Myrrh oil is derived from a resin that bleeds from a wound in the bark of a commiphora tree, native to Arabia and the eastern Mediterranean. The resin has been used for thousands of years as an ingredient in perfume, as incense and as a wound dressing (Wikipedia, “Myrrh”).

Ancient Egyptians “carried cones on their heads that contained myrrh to prevent sunburn and repel insects” (, “Myrrh”). Myrrh is believed to have anti-aging and hormone-like properties. It is reported to stimulate circulation, decrease inflammation, soothe inflamed skin, prevent wrinkles, heal fungal infections, heal mouth sores, alleviate stretch marks, and repel parasites and insects (Women of Valor, “Skin Care in the Bible,” and, “Myrrh oil”).

What is known about fragrant oils?

To make fragrant lubricants, women placed resins of myrrh, or any of a number of aromatic peels, leaves, petals, or spices such as cinnamon and saffron into stone bottles of oil. The bottles sat in the sun for several days. Each morning the aromatic matter was refreshed, until the scent had sufficiently infused the oil (Women of Valor, “Skin Care in the Bible”).

Are the ancient oils used beauty products today?

Many people believe the oils are effective, safe and desirable. The natural oils are free of carcinogens and chemicals that disturb metabolism. A number of the oils and aromatics listed in scripture are incorporated into lotions and creams.♥ Mary Hendren

Highlights of life in a Persian harem during the time of Esther

The harem was a tradition with Iranian [Persian] dynasties and aristocracy as well. Herodotus (1.135), who wrote in the time of Artaxerxes, testifies that each (notable) Persian man had several wives, and a still larger number of concubines.

  • Some royal and aristocratic women received an arduous education.
  • Some learned such skills as horsemanship and archery, and even participated in hunting.
  • They appeared in public, traveled with their husbands, participated at feasts, held vast estates and workshops, employed large numbers of servants and professional laborers, and at times wielded political power.
  • The chief consort, the wife, who as a rule was the daughter of a Persian prince and the mother of the heir to the throne, controlled the household.
  • These ladies were subject only to the king; each had her own living quarter, her own revenue and estates and a large number of servants, which included harem eunuchs and concubines.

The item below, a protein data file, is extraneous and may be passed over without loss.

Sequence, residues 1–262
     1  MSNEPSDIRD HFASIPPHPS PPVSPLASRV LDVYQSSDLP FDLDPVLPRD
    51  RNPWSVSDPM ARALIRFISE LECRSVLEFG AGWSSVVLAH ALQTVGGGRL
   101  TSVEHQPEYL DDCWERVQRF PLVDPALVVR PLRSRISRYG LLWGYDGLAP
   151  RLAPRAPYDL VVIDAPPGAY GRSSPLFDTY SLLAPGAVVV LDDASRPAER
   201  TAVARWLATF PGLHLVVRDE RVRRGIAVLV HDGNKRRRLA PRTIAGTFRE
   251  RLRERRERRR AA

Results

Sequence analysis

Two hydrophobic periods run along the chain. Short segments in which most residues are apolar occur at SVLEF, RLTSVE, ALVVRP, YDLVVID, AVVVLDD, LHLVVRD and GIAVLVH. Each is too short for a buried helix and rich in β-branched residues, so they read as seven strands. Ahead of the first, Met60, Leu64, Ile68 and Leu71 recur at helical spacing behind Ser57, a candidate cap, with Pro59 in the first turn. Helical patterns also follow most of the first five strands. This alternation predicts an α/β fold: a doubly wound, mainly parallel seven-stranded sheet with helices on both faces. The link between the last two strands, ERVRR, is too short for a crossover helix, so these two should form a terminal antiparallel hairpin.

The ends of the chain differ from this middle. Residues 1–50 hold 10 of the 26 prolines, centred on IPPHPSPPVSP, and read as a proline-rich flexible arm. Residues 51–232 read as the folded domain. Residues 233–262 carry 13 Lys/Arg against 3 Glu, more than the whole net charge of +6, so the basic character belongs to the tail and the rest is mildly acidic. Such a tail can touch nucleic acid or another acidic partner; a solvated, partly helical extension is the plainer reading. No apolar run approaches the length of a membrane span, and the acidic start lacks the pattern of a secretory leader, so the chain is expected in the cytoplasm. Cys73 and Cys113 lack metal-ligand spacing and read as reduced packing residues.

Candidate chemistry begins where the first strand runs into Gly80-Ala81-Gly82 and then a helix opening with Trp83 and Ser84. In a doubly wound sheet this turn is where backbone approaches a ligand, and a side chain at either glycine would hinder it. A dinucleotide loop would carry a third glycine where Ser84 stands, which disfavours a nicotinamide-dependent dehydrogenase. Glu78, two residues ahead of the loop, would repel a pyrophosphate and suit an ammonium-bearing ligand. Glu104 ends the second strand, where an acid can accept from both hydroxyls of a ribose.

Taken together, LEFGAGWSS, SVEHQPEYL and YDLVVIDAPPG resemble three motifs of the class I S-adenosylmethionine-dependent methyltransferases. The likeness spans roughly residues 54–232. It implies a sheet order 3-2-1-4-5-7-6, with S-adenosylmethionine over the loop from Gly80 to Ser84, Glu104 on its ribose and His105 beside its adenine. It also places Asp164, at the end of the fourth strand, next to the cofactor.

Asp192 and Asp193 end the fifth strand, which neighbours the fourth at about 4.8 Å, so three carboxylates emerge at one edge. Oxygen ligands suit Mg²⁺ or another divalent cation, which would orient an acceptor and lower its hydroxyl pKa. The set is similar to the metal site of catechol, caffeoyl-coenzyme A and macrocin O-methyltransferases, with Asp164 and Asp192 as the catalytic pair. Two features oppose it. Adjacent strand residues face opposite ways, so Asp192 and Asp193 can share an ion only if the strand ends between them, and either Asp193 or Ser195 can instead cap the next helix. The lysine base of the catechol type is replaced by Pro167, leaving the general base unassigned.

• The royal harem included three more groups of women, living in separate dwellings.
  • First were the “ladies” of the household, legal wives other than the Queen or the mistress of a noble house.
  • The second group consisted of unmarried princesses and the married ones who lived with their own family.
  • The third group of harem women were concubines, beautiful girls bought in slave markets, or received as a gift, or collected from different parts of the empire (Esther 2.2-3;), and even captured from rebellious subjects. While still virgins, they were kept and groomed in the harem’s “first house of women” (Esther 2.9), and trained as musicians, dancers and singers in order that they might entertain their king or the magnate lord at banquets or throughout the night.
  • 557 - Harem women.

    557 – Harem women. (Photo credit: Wikipedia)

    Any child born to such a concubine was regarded as inferior to the “rightful” offspring, and the Greeks came to call them, nothus “illegitimate.”

Excerpted from HAREM i. IN ANCIENT IRAN,

The complete article contains numerous citations.

Queen Vashti—Virtuous or Rebellious?

Esther 1:10-12

10 On the seventh day, when the heart of the king was merry with wine, he commanded Mehuman, Biztha, Harbona, Bigtha, Abagtha, Zethar, and Carcas, seven eunuchs who served in the presence of King Ahasuerus, 11 to bring Queen Vashti before the king, wearing her royal crown, in order to show her beauty to the people and the officials, for she was beautiful to behold. 12 But Queen Vashti refused to come at the king’s command brought by his eunuchs; therefore the king was furious, and his anger burned within him. NKJV

More to the story?

On the face of it this event looks like a rebellious wife who refuses the order of her husband/king. Is there more to the story? Yes, I believe there is.

The Woman’s Study Bible notes that Persian monarchs insisted on deference. “Not even the queen was allowed into the throne room unless summoned.” So for Vashti to refuse such an order was the height of disrespect and rebellion. She had to know that. Commentators have puzzled over her actions. Was she pregnant? Did she fear being ogled by a group of men? Was she a woman of nobility and character who refused an unjust command from her husband?

Historians note the reason for the 180-day spectacle mentioned in Esther 1 was for Xerxes to impress his officials and servants of his kingdom, and to present his grandiose plan to invade and conquer Greece. The culminating banquet featured “royal wine in abundance, according to the generosity of the king” (Esther 1:7-8). When Xerxes called for his wife to appear, several sources offer the possibility that he wanted to display Vashti as a trophy (my words), one of his most beautiful crowning possessions.